How to Achieve Pharmaceutical Dust Control

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This article presents considerations for preventing hazards associated with dust in pharmaceutical production, particularly as relates to the United Kingdom's Control of Substances Hazardous to Health (COSHH) Regulations.

The manufacturing of products including vitamins, drugs, minerals, or herbs involves a broad range of processes that hold the potential to create harmful dust. Due to the potential effects on workers, pharmaceutical dust can present unique challenges and threats if left uncontrolled. This article outlines what pharmaceutical dust is and how to control the associated risks.  

What is pharmaceutical dust?

Pharmaceutical dust is generated during the production and packaging processes in pharmaceutical manufacturing plants. This hazardous dust can occur when grinding, drying, mixing, pressing, and coating in the production of a pill as well as during the cleaning of the equipment.

How can pharmaceutical dust be harmful?

Some substances, such as steroids, hormones, or narcotics, may pose a risk if they escape into the atmosphere. If the operator is exposed by breathing or touching them, it may cause side effects such as respiratory illness, skin reactions, and other physiological effects.

Many substances, including cellulose, corn-starch, dextrin, lactose, and other organic ingredients, have the potential to explode. In addition, cross-contamination of dust with other materials can impact on product quality and safety.

What are the regulations?


In the United Kingdom, under the Control of Substances Hazardous to Health (COSHH) Regulations (1), employers need to either prevent or reduce their workers' exposure to substances that are hazardous to their health, including all processes that emit dust. The COSHH Regulations require employers to assess the risk to their employees and to prevent or adequately control those risks.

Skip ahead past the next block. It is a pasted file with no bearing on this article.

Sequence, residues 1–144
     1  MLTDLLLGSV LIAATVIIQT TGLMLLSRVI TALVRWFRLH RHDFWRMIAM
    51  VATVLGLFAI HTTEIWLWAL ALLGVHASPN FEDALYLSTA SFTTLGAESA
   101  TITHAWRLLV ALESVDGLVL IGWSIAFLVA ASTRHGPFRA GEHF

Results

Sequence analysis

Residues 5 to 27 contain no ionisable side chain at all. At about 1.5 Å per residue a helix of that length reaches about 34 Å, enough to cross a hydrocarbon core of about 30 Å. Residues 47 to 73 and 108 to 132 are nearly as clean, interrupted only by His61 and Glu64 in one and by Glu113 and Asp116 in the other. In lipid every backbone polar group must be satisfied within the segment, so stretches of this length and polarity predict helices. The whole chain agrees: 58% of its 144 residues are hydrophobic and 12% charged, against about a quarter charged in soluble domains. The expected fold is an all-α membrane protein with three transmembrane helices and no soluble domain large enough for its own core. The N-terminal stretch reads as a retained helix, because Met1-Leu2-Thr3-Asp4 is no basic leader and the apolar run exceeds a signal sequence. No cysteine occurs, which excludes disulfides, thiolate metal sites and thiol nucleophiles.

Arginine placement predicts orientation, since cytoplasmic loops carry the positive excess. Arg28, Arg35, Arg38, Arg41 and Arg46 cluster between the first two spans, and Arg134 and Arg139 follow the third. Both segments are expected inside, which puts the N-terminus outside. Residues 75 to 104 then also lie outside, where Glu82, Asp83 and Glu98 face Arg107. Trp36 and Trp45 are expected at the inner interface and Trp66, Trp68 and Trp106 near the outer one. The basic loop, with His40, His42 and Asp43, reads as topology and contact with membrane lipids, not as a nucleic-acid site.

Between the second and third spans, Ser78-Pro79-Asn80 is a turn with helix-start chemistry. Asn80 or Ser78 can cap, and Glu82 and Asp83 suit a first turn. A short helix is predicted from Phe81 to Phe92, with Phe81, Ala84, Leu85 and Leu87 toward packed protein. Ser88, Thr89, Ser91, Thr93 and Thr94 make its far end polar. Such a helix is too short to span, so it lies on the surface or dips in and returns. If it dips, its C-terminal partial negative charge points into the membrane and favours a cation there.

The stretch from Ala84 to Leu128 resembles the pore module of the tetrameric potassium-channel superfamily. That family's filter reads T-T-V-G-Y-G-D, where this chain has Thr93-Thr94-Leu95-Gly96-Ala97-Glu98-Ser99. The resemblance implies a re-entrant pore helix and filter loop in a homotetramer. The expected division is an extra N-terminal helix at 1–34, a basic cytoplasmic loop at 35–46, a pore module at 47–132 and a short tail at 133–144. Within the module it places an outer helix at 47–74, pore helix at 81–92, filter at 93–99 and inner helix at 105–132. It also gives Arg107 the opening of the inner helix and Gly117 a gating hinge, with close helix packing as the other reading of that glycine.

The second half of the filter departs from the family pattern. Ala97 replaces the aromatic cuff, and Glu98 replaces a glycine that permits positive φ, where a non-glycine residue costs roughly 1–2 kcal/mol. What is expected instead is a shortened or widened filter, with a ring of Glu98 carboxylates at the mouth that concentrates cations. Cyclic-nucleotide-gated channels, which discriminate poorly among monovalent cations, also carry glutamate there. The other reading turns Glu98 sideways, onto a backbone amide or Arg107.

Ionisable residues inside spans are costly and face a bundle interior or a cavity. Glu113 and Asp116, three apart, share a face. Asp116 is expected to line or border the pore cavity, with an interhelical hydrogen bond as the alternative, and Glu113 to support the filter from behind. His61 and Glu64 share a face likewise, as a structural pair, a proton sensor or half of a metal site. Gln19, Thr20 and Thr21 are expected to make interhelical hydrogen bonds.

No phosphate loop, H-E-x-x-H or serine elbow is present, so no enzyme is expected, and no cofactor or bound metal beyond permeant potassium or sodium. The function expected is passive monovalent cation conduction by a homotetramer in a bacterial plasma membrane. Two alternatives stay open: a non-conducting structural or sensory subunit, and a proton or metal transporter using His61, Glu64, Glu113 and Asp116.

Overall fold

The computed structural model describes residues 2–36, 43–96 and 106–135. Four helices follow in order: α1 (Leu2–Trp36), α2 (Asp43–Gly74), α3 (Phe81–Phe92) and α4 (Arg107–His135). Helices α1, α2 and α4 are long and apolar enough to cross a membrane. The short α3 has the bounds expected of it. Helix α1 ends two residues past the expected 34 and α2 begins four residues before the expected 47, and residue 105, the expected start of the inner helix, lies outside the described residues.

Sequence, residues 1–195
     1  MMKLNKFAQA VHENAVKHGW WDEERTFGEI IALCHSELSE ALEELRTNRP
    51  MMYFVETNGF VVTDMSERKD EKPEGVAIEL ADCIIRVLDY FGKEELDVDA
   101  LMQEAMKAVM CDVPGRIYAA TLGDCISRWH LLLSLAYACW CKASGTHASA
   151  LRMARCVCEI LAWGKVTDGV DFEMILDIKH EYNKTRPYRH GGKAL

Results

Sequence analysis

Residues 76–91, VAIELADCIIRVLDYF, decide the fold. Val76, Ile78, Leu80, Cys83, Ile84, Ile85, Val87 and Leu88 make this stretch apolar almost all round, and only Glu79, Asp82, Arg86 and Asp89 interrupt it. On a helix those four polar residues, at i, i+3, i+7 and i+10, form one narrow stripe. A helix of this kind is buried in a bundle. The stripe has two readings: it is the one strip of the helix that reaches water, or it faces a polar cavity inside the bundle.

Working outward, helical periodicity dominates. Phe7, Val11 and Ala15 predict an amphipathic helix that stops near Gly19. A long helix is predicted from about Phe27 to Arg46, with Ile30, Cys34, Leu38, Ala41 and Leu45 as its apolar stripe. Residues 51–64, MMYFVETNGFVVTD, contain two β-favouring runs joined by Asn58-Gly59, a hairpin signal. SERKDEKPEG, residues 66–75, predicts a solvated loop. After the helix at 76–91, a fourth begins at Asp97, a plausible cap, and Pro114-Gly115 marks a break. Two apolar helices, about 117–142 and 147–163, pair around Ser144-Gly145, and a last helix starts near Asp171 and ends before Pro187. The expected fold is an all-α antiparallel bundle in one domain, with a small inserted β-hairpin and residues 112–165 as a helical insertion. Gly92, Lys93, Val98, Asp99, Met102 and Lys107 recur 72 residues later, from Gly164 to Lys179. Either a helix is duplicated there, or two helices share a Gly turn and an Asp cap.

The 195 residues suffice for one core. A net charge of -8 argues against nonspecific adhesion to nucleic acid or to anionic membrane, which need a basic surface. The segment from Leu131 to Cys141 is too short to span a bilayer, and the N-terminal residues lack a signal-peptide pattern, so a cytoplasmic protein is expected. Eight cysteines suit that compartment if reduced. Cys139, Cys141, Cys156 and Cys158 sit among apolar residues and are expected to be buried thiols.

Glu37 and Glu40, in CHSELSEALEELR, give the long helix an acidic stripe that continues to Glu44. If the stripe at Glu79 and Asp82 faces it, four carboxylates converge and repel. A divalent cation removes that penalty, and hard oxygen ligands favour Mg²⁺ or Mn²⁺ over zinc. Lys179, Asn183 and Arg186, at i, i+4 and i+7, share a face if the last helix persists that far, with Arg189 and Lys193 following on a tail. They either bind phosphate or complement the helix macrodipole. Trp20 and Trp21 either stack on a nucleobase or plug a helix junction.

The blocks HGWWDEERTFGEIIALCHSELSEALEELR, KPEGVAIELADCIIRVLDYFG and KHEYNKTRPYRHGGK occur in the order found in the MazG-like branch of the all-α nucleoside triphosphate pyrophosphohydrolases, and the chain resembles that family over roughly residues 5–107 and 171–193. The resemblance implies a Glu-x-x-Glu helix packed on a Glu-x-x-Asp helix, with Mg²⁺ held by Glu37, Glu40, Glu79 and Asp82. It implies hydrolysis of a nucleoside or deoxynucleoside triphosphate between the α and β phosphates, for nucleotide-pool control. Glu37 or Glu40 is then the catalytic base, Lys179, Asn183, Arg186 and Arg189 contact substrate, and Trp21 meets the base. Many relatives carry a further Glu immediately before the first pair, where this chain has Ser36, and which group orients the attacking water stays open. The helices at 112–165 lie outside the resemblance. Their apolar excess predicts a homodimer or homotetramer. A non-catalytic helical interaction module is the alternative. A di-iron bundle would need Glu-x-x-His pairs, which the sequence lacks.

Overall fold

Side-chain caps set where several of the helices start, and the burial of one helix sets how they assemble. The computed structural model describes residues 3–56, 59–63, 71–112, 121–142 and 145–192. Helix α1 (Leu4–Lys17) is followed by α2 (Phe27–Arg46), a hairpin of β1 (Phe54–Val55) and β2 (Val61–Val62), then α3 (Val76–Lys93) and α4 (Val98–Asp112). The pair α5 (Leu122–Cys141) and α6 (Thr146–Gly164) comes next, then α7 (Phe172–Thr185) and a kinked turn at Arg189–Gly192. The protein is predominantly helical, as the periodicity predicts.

How can the risks be controlled?

Source capture. Begin by capturing and controlling the contaminant at the source. Look at where the equipment is positioned and ensure there are no leakage points around handling systems that produce dust. Source capture is the most effective means of capture and requires the least amount of energy and initial investment to accomplish. Utilize fume extraction arms or local fixed hoods incorporated as part of the machine (e.g., conveyor or mixer).

Filtration and extraction. Installation of an industrial filtration system will ensure that compliance with regulatory standards of both related hazards and cross-contamination issues. Filtration solutions for pharmaceutical processes may also require special options or accessories to improve the safety and reliability of the system. Bag-in/bag-out filter and collection drum options can be used to eliminate exposure and cross-contamination when performing filter and dust-removal maintenance.

Protection and monitoring. Ensure that the workforce has the correct equipment to protect them from exposure routes identified by the workplace exposure limits (WELs), which include breathing in dust. (2) To identify whether exposures are below the WEL, monitoring is key; a consultant who can perform air sampling can help ensure that a pharmaceutical workforce is safe.

Achieving full regulatory compliance is a mixture of equipment and ways of working to reduce exposure. No measures, however practical, can work unless they are used properly. Failing to comply with regulatory standards increases the risk of fatal explosions, which can seriously injure the workforce and severely decrease productivity and profitability of a company.


1.     Health and Safety Executive, “Control of Substances Hazardous to Health Regulations 2002,”, accessed 5 March 2018.

2.     Health and Safety Executive, “Workplace Exposure Limits 2005,”, accessed 6 March 2018.

About the author

Pete Dawson is director of Sales at Dustcheck,